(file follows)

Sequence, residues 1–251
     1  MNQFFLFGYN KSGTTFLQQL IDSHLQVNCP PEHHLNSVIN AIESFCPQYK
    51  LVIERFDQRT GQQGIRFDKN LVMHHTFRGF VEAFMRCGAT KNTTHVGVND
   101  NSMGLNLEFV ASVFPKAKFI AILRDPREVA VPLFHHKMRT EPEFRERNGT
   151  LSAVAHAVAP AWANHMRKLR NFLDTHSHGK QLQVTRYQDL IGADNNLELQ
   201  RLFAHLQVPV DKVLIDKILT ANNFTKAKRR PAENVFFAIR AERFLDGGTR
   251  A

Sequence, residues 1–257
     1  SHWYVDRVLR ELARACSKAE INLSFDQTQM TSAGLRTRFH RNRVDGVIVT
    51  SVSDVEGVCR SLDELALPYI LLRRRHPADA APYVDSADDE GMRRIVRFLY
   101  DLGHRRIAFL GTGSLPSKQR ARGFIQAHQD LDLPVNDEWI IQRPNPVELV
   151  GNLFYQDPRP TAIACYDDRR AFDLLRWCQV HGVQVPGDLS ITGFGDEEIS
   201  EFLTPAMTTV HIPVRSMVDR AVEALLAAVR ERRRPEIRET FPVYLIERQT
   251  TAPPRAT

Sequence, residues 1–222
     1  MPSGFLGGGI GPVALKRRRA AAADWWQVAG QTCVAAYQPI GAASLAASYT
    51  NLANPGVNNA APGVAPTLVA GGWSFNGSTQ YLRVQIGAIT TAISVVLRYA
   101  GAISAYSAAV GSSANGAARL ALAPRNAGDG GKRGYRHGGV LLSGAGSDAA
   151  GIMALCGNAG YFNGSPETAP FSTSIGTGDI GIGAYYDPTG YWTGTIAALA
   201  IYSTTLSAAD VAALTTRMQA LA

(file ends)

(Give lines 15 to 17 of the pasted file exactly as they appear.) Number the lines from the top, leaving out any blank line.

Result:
Sequence, residues 1–222
     1  MPSGFLGGGI GPVALKRRRA AAADWWQVAG QTCVAAYQPI GAASLAASYT
    51  NLANPGVNNA APGVAPTLVA GGWSFNGSTQ YLRVQIGAIT TAISVVLRYA